Zero Welcomes Harley, Polaris to Electric Motorcycle Market (w/video)


In a story in the LA Times, both Zero’s CEO Richard Walker and CTO Abe Askenazi welcomed the expanding electric motorcycle market, along with the “big boys” that Polaris and Harley represent.

California pride

California pride

For Walker, it’s about more validation and buzz: “We were thrilled by Harley’s LiveWire, and Polaris coming in is good too,” Walker is quoted in the story. “This validates what we’re doing. When the big boys come in, it helps.”  For Askenazi it’s about getting top-name parts from companies like Bosch and Pirelli:  “It took us a while to get these companies on board,” he said. “There was a time when no one returned our calls. Now, we lead the space. They know we’re going to be around.”

Zero has responded by doubling it’s staff to about 130, adding VPs of quality and product development, and doubling its production capacity.

The story goes on to talk about a major difference between electric car sales and electric motorcycles – for many, an electric bike is an addition to the collection of two-wheeled fun-machines.

Those who can afford them, like Zero fan Perry King, can love the electric bikes without giving up the gas-powered ones.  “It’s like motorboats and sailboats,” King, the film and TV actor, said. “You don’t have to quit loving one to love the other.”

Zero SRs ready to ship

Zero SRs ready to ship

…further supported by a comment by Scot Harden, VP of Global Marketing, who doesn’t lead with the practicality of the purchase: “The first thing everyone says is ‘power’.  That’s why we don’t lead with the green issue or the lower cost-of-maintenance issue. We market the magic carpet ride.”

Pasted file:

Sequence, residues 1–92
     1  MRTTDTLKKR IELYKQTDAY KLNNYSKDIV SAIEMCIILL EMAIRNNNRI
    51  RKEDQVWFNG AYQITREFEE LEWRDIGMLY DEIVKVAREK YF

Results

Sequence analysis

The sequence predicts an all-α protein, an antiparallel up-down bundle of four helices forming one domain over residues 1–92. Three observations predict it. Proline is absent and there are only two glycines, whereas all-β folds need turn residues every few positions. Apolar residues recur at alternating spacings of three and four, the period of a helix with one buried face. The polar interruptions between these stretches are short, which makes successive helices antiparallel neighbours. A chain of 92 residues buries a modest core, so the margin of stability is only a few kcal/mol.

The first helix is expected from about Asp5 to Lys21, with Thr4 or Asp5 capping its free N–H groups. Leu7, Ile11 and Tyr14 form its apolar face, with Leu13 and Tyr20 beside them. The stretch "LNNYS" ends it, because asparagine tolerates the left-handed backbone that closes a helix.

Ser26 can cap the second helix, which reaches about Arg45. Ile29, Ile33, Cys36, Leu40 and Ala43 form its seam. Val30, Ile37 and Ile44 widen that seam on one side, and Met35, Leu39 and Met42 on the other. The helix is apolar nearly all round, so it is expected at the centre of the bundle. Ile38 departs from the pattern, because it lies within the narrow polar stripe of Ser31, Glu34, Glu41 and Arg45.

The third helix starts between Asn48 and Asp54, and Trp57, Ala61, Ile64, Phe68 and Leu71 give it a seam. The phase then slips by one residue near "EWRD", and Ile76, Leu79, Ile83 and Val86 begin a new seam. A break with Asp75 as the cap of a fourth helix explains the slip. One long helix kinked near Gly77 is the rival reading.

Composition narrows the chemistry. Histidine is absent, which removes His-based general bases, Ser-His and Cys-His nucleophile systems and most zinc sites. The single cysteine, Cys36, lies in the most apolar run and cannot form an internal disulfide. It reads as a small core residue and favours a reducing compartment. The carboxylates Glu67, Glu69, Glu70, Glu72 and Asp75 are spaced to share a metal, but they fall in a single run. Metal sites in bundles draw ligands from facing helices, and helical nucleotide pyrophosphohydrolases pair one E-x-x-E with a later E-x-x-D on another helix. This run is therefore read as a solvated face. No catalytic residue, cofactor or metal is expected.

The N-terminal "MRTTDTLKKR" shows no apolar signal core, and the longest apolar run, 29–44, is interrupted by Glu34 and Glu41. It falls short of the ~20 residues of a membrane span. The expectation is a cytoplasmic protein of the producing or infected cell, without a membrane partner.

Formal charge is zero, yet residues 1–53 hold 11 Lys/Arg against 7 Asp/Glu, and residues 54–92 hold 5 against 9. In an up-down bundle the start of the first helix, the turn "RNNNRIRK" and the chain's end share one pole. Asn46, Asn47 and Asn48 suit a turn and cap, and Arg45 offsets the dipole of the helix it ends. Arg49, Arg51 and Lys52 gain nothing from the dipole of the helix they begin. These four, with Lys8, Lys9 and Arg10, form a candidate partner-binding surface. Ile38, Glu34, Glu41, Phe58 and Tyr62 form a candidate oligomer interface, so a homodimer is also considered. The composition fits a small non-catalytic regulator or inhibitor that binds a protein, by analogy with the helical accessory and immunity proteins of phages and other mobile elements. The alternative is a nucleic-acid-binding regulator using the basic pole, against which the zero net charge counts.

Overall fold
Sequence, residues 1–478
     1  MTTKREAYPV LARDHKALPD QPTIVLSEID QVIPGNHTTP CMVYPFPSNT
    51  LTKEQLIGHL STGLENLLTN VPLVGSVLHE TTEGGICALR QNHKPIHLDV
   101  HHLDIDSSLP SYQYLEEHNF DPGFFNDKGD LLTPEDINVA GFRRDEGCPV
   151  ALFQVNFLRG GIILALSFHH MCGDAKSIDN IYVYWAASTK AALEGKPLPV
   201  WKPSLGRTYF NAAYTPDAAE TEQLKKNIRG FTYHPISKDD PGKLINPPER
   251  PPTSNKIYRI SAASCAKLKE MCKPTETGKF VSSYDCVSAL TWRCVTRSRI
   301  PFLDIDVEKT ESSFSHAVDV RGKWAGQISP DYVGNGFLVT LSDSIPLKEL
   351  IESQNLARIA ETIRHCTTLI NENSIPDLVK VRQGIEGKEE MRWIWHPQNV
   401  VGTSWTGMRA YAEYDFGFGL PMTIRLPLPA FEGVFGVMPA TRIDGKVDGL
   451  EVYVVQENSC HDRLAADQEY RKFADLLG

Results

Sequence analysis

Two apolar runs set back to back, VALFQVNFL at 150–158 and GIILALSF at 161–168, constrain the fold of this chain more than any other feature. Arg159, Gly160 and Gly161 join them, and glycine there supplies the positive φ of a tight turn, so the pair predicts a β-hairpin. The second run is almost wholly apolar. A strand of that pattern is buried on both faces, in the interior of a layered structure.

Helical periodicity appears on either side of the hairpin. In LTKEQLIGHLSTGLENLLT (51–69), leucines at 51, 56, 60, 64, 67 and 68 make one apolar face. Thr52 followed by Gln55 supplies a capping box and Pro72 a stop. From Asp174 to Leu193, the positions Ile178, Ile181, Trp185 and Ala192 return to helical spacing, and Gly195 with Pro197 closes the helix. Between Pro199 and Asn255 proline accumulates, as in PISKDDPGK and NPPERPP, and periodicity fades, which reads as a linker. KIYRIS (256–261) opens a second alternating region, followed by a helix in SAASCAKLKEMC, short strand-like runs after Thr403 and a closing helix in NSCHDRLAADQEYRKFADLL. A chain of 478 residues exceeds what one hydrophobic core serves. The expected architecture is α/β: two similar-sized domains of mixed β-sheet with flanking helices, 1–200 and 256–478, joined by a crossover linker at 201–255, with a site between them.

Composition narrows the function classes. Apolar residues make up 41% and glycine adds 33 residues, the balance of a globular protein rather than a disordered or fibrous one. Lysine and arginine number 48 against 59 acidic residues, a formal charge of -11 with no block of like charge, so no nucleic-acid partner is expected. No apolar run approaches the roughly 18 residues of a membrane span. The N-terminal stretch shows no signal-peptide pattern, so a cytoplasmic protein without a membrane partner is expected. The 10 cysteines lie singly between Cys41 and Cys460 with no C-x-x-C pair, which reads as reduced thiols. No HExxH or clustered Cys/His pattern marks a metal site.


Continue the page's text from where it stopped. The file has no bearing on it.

Read the whole story here: Zero Motorcycles, suddenly dwarfed, responds with some bigger numbers

For a taste of the perspective from a seasoned rider, check out Richard Harmon’s video.  His 2012 Zero is bike #41 in his garage:

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6 Comments on "Zero Welcomes Harley, Polaris to Electric Motorcycle Market (w/video)"

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Zero needs to come out w/a cruiser style before I buy one. Prices are a bit high also for something I can only use 6 months of the year in Michigan.

And that’s exactly what I’ve been saying, not everyone wants a motorbike. As far as I know there’s only one cruiser in the eBike market and that’s the Brutus V9. Now speaking as a Harley owner, it’s a bit rich for my blood.

What I want to see is an eBike version of the Sportster with a 100 mile range, with all the other things we’ve come to demand in an electric car.

I really want an electric bike and I can use it almost year-round here in Silicon Valley. I went to test ride a Zero last year and got a quote, which came out to about $20K out-the-door (this included the options of heated grips, windscreen and top case). As much as I like EVs (I have two Volts), $20K is a lot of money out front for something the size of a Ninja 250.

“As much as I like EVs (I have two Volts), $20K is a lot of money out front for something the size of a Ninja 250.”

Sounds like either the 54 hp Zero S with a power tank for extended range or the 67 hp Zero SR, plus a couple thousand in accessories and taxes. I don’t follow the comparison to the ~30 hp Ninja 250, unless you mean that the Zero felt small when you sat on it?

Note: the video linked is from about two years ago. Richard has since given his 2012 Zero to his daughter (who is riding the wheels off of it) and is riding a 2014 Zero S with power tank now.

Note that I said “…something the size of a Ninja 250”. That meant I was comparing the size of the two bikes. Thought that would have been obvious.

I just sold my 2013 Zero S to a friend. Why? To buy a 2015 Zero SR of course. I’ve worked at a motorcycle dealership for last twenty years. Ive owned plenty of motorcycles. But the Zero is hands down my favorite. Needless to say the place i worked at wasnt very happy i bought a Zero( they only sell gas bikes) but everyone who has ridden it is pleasantly suprised. The about 100 mile range works fine for me. Working 48+ hours a week, i dont have any delusions of taking 300 mile trips with my bike. It may only get ridden 100 miles at a time but it gets ridden more than any of my other bikes. The Zero gets used almost as much as my Leaf.